Over the past few years, I have noticed a rise in at-home businesses, especially in my community – the military spouse (and mom) world. I encourage and support these fellow business owners/consultants and believe that what they’re doing is – can be – great! While this article is not about why at-home businesses are good, I want y’all to know first and foremost that I think these venues can be excellent opportunities for you personally and professionally. Having said that, I do have a critical eye for entrepreneurialism and I have seen your businesses succeed and fail as a result of your online marketing. I just want to help.

Before I dig in, let me establish what I believe represents success and failure in at-home business marketing:

  • Success: utilizing the available social media platforms to reel in your customers.
  • Failure: over-utilizing the available social media platforms to turn customers (and personal affiliations) off from your products.

If you’re an at-home business or consultant you are likely self-taught and self-motivated. Whether it’s Scentsy, Lularoe, Rodan & Fields, etc., you sought out this opportunity and made an intentional decision about investing yourself in this business and brand. You have used your available resources on a budget to set yourself up for success. You use a variety of tools to promote your products and attract customers. These likely – or mostly – include social media marketing. That’s what we’re talking about today.

Here’s the thing: there are unspoken rules regarding the usage of social media. There are some technical challenges to using social media, but there are also numerous cultural obstacles to navigate and ensure your success.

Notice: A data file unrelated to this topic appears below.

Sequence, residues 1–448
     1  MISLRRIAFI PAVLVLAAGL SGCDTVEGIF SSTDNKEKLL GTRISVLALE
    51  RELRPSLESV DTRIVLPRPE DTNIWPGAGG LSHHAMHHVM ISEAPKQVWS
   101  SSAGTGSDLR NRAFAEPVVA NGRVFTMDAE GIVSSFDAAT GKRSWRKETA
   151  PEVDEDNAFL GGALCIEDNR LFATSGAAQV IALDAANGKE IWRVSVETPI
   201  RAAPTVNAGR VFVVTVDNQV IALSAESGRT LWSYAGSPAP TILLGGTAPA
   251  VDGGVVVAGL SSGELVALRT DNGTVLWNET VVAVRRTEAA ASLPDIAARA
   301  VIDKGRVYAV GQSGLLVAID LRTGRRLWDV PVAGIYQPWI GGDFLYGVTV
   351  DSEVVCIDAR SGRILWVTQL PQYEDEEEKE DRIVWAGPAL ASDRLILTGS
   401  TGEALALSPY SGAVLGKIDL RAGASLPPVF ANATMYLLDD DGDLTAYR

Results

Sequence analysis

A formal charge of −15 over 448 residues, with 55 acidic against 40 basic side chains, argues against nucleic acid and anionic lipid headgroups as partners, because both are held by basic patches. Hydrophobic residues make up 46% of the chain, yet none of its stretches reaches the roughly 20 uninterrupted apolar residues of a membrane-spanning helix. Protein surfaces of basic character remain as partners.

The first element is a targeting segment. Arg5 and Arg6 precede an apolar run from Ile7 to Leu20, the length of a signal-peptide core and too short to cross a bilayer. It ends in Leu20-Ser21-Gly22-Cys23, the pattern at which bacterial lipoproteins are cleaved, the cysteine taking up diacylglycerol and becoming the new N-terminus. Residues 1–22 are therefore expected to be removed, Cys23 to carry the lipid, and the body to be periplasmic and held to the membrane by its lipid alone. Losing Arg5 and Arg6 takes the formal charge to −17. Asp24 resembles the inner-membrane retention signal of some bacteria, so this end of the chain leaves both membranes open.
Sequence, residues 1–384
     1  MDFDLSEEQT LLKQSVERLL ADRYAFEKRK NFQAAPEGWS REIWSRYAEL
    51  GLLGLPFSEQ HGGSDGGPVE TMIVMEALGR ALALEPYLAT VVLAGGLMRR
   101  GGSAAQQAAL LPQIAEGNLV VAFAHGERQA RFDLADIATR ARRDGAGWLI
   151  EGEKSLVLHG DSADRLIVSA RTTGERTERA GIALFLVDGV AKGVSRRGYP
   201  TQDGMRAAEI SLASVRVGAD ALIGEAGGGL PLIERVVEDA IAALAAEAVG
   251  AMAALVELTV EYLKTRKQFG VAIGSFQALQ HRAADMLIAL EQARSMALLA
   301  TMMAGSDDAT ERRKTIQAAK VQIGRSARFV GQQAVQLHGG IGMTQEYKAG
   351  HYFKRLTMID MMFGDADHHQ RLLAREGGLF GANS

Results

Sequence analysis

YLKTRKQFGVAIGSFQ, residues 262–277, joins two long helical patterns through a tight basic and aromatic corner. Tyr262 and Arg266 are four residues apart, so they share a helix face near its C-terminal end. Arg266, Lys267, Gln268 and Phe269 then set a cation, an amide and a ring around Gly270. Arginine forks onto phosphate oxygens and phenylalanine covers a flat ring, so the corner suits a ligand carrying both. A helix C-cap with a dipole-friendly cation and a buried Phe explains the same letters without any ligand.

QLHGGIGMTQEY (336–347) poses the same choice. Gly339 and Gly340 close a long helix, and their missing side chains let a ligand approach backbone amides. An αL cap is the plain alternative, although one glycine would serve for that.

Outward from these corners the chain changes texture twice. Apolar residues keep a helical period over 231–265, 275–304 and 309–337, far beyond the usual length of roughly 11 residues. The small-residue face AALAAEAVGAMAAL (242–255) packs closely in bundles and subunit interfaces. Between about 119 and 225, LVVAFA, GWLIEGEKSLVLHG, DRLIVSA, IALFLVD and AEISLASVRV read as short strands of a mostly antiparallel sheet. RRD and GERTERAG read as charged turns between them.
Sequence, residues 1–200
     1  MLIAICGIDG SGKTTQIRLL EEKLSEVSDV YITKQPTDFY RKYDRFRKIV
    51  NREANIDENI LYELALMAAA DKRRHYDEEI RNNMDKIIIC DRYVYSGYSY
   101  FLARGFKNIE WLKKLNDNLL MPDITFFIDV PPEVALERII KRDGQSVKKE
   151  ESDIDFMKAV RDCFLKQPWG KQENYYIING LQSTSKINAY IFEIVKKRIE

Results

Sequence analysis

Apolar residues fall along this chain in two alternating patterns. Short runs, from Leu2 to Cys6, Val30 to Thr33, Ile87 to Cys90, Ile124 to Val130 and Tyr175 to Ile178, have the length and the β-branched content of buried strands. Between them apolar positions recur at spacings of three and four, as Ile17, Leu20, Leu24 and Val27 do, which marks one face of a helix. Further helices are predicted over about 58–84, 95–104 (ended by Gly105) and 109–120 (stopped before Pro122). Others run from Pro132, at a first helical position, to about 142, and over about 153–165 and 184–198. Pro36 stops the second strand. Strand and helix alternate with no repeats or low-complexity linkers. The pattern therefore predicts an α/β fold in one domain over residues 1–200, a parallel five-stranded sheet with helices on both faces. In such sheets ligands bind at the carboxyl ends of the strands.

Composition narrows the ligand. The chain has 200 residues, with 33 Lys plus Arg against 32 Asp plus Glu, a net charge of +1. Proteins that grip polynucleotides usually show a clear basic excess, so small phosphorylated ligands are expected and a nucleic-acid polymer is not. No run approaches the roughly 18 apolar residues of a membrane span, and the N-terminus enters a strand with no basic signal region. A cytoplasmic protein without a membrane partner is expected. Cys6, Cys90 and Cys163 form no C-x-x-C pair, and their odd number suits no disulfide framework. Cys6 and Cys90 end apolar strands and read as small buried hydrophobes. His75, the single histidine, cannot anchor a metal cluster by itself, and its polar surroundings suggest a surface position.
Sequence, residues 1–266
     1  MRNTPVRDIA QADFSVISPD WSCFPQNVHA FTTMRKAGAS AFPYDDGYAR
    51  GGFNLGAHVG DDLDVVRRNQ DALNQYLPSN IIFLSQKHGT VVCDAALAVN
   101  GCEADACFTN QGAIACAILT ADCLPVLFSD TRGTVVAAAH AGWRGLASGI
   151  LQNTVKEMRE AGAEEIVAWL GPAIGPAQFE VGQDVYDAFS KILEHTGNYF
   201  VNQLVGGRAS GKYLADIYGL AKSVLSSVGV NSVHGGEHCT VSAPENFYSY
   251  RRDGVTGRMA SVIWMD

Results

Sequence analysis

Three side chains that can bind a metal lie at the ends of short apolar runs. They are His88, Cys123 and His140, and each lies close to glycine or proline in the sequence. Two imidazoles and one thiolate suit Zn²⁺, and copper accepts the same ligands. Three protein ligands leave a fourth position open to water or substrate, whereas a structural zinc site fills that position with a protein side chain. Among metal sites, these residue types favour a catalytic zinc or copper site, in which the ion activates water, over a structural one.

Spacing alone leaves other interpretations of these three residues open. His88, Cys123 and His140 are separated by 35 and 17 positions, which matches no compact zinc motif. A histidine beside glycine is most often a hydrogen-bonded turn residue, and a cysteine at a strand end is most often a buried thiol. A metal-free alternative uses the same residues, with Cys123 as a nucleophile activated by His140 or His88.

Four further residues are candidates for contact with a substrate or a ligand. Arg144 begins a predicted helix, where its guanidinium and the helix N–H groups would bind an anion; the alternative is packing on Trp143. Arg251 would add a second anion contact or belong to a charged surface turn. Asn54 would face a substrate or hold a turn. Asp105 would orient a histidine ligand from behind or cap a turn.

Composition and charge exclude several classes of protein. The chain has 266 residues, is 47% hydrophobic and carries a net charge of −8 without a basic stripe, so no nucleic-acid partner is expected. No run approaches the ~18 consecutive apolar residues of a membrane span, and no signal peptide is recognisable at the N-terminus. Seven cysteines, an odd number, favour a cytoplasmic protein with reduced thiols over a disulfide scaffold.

If there’s a main message I want you to take away from this article, it’s this: you can burn out your audience! Sure, it’s your friends’ choice to follow you and open their newsfeed, but social media is a two-way street – there is etiquette to keeping your friends.

Posting too often is annoying. What does this mean? Where is the line? Is the line different for each social media platform? Yes! From Facebook to Twitter and Instagram, each platform has its own social media expectations. I encourage you to get feedback from your friends/customer base (the ones that purchase and especially the ones who don’t). But from my personal experience:

Facebook: Facebook is the platform used the most for personal updates but also used the most for merchandise/sales. This requires a delicate balance. Here are a couple of practical ideas to maintain this balance:

  • On your personal page, show how you use your products in your day-to-day life.
  • Create a separate business page or group for a majority of your posts.
  • Be sure to post about your life on your personal page more than you post about your business and be authentic.
  • Personally ask your friends if you can invite them to your page or group first. While this may take more time than sending out a mass invite, it shows respect to the friend by not assuming their interest. Plus, they are much more likely to be active customers if you engage them directly!
  • Use high-quality photos.
  • Promotions, giveaways, and contests are definitely a successful and trending tactic used by many consultants – just be sure to keep them in your business page or group!
  • Boosting your posts will help with visibility and growing your customer base, but do not expect direct sales from one boost. It takes time to sell a customer – or friend. Set a small monthly budget that you allow yourself to use for specific types of post boosts.
  • Facebook events are an awesome way to reel in new customers and re-engage old ones. Live parties with incentives and giveaways are sure to bring in business.

Instagram: This platform is a little more difficult to build up a following base and it may take a little bit longer than Facebook, but it is a huge platform for online shopping. Take advantage of it! Be sure to follow the same etiquette as Facebook and mind the personal/professional balance. If you plan to post on Instagram frequently, create your own business page, just as you would with Facebook. Here are some practical ideas for your Instagram accounts:

  • Use high-quality photos.
  • Research your hashtags and use them consistently!
  • Utilize promotions, giveaways, and contests to grow your following base.
  • Cross promote with other similar businesses and team up to share one another’s followers!